Technology-based financial innovation has transformed the financial sector. In particular, financial technology (FinTech) firms have revolutionised financial services for the historically underbanked or unbanked, who can now access, transfer and save money, particularly in parts of the world where mobile phones are affordable but institutionalised banking is limited. For example in Kenya, the sixth poorest country in Africa, mobile payments system M-Pesa has 17 million users and transacted 42% of Kenyan GDP in 2014-15.
This gain toward financial inclusion is to be welcomed; however, just as FinTech has opened or increased access to financial services for some sectors of society, it has prompted a reduction in access to financial services for others, in the form of a loss of local traditional banking institutions.
Bank Foreclosures Soar
Given the explosion of mobile banking in recent years, it is perhaps unsurprising that banks are closing their bricks and mortar branches at record rates.
In the U.K. there were 479 documented closures in 2014, of which 124 were “last bank in the community” closures, meaning local people were left without any traditional banking institution.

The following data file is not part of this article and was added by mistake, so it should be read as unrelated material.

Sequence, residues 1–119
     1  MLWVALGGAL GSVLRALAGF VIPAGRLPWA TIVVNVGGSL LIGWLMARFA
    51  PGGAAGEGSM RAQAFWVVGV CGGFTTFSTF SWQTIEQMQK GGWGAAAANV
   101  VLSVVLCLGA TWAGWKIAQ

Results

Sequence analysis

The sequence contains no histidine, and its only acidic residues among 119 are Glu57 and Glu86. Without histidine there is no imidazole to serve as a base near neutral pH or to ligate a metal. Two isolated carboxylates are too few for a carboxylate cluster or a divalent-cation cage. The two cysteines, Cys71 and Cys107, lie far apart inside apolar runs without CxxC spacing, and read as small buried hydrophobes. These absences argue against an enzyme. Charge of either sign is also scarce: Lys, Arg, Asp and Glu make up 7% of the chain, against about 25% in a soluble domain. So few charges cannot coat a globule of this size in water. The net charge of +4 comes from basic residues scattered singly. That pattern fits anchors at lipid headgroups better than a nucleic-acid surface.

Alternative banking locations, such as the post office, have also seen significant closures in recent times with nearly 7,000 shutting up shop since 2000. Prominent figures from the banking community have explicitly referenced online banking as a driver of branch closures. Comparable trends have been witnessed in the U.S., with one financial institution closing a fifth of its branches in five years.
Marginalising Those Without Internet Access
These closures, and the FinTech disruption galvanising them, have the potential to marginalise certain sectors of society, at least temporarily.
A study published earlier this year by Ofcom found that 15% of adults in the U.K. do not have household access to the internet, and interestingly the overwhelming majority of this group have no intention of gaining access in the future.
Furthermore, of those adults in the U.K. who are not online, they are most likely to be over 65 years old and in lower-income households. This elder, less well-off group will likely struggle to access smartphone or online banking when faced with the disappearance of their local traditional banking institutions.
There is a risk that when this vacuum occurs, these people may approach, or be approached by, more predatory forms of financial services. We have already seen the impact pay-day lenders, who are only a phone call away, had on vulnerable customers.
The financial industry should remain alive to these concerns to ensure that financial inclusion for one individual does not come at the cost of financial exclusion for another.
This post was co-authored by Willis Towers Watson Wire blogger Jagdev Kenth.